Effective test doubles, part 1

Marcin Gryszko
8 min readNov 11, 2020
Photo by Austin Distel on Unsplash

Twenty years ago, Endo-Testing: Unit Testing with Mock Objects, the first paper on mock objects was published. Its authors described the usage of real object replacements to improve both the production and the test code. They named Mock Objects them after Mock Turtle, a creature from Alice in Wonderland that believed it was once a real turtle. Just as the story about Alice — surreal, psychedelic, and apparently nonsensical — mock objects are still not fully understood by the software community.

In part 1, I’m going to share some tactical tips about the efficient and effective usage of mock objects; part 2 deals more with the mocking strategy. The article will help you to employ test doubles as a useful tool to validate your design and tame test complexity. Mock objects are not considered harmful after all!

In the rest of the article I’ll be using test double terminology (mock, spy, stub) as defined in Martin Fowler’s Mocks Aren’t Stubs.

Don’t verify stubs

You introduce stubs to provide answers to queries made by the System Under Test (SUT) to its collaborators — so-called indirect inputs. Those replies are used later by the SUT in its behaviour — either to transform the input arguments to the invocation result, or to make other queries, or to perform side effects (directly or indirectly).

You don’t have to verify stub invocations. You will know that the stubbed dependency was called with the expected arguments and that its response was used in the SUT logic by examining the SUT output. And you will know if the dependency was not called if the final state doesn’t match the expected one.

Consider this example of invoice creation:

fun createInvoice(..., freeformAddress: String, ...) {
val structuredAddress = addressNormalizer.normalize(freeformAddress)
return Invoice(..., address = structuredAddress, ...)

and its corresponding test (with MockK):

val structuredAddress = Address(street = "::street::", ...)
every { addressNormalizer.normalize("::address::") } returns structuredAddress
val invoice = createInvoice(..., address = "::address::", ...)assertThat(invoice).isEqualTo(Invoice(..., address = structuredAddress, ...))

If the addressNormalizer stub is not called with the right arguments and its response is not used in the invoice creation, the result (or then final state) assertion will fail, giving you a hint that the collaboration didn't take place.

Don’t set up call cardinality on stubs

It’s a bad idea to verify how many times a stub was called. You shouldn’t actually care about this; you care only about what your production code does with the result of a stub call (and, as I wrote previously, you check it by inspecting the final SUT state). It doesn’t matter if you ask your peer once or a thousand times — the SUT outcome should remain the same.

Stubs replace a real dependency expressing the syntactic and semantic contract with the collaborator. Most of the time you don’t know and don’t care what concrete implementation fulfills that contract. But sometimes you do want to check how many times the stub was called. You may know that in the real-life the stub execution is costly (e.g. due to a long-running query) and you want to ensure that it happens only once.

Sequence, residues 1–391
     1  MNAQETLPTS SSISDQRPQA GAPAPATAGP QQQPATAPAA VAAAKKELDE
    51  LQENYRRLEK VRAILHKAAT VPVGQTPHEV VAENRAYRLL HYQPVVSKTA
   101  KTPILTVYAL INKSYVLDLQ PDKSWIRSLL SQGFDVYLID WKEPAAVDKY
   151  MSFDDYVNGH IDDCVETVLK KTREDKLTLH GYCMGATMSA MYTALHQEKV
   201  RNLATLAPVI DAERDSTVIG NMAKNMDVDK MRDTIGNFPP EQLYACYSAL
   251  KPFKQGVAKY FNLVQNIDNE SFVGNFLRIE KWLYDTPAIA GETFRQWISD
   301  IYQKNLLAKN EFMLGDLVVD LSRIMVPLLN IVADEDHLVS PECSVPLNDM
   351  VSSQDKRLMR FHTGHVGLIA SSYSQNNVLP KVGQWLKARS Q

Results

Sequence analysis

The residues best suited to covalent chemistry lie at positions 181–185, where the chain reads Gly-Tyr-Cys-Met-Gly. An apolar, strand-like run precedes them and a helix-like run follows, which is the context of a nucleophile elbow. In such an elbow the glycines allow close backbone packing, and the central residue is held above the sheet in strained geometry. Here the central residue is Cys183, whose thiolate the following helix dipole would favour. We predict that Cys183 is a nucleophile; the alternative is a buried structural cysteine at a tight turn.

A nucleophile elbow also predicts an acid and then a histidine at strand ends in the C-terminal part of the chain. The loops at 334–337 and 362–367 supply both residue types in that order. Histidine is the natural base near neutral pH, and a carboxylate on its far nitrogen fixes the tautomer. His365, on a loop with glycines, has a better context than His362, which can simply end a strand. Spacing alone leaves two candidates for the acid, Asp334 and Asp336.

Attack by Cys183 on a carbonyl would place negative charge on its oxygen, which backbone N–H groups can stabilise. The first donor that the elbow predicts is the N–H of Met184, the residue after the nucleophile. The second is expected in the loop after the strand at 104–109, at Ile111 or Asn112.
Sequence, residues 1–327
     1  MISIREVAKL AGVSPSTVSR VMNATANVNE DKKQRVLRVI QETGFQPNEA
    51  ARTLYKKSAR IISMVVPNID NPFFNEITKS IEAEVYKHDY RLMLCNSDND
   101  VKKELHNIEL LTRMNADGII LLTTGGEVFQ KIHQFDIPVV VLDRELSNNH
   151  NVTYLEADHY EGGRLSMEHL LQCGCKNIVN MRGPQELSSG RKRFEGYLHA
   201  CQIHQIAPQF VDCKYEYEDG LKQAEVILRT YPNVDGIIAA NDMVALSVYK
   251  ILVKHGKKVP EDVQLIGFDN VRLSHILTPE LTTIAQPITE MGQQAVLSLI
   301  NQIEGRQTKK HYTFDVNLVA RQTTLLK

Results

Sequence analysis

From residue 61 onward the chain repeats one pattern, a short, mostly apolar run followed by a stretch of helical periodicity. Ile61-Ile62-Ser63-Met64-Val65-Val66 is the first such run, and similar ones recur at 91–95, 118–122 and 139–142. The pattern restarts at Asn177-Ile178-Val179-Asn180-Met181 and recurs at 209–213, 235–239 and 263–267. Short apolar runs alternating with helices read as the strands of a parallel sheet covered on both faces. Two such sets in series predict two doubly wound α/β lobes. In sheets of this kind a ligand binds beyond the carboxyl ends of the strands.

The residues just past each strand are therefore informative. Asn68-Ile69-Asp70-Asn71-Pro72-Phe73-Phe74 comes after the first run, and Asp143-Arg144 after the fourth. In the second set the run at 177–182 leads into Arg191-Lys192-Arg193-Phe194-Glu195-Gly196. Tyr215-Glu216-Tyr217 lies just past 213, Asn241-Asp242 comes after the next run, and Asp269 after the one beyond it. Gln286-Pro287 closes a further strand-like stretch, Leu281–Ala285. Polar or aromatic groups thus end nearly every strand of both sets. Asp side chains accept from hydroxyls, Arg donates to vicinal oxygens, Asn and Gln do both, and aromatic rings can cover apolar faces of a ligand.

In that situation, you can add the call cardinality verification. However, you have to be aware that you are losing the abstraction that the stub represents. You are no longer working with the abstract stub contract; you have in mind a concrete implementation of the stub interface. You introduce a hidden coupling of the test to the collaborator implementation, even if you don’t explicitly reference it in the test.

Is this good or bad? It depends. You have to make a tradeoff — either you want to have an isolated test or you want to document that there is a performance constraint on your production code.

Always verify mocks

You introduce mocks to check if side effects were triggered by the SUT (by side effects, I mean observable side effects — those being significant in our program). You don’t want to directly check the global state change caused by a side effect — you only ensure that the behaviour happened (and how many times). In other words, you put in place a mock as a replacement for commands, or indirect outputs.

On the contrary to stubs, you should always verify mocks — how many times they were called. You check (indirectly) that the desired side effect was requested through the collaborator interface. Then, in a separate (and isolated) test, you validate the concrete side effect. For example, you will confirm that the file system or the database were changed as expected.

Remember to verify the mock call cardinality. If you don’t do this (i.e. you allow one to many mock executions) then you are no longer sending an abstract message to the mocked collaborator. You have a concrete implementation in mind where you know that the underlying side effect is idempotent — and this is an extra latent coupling between the test and the real dependency.

Prefer mock libraries over hand-crafted test doubles

Some people prefer writing hand-crafted spies instead of using mocking libraries. The arguments for this approach are increased performance and less external dependencies. The performance of hand-made doubles is much better since there is no bytecode manipulation needed to create them. But the price you have to pay is a lot of boilerplate code you have to write to manually implement your spies.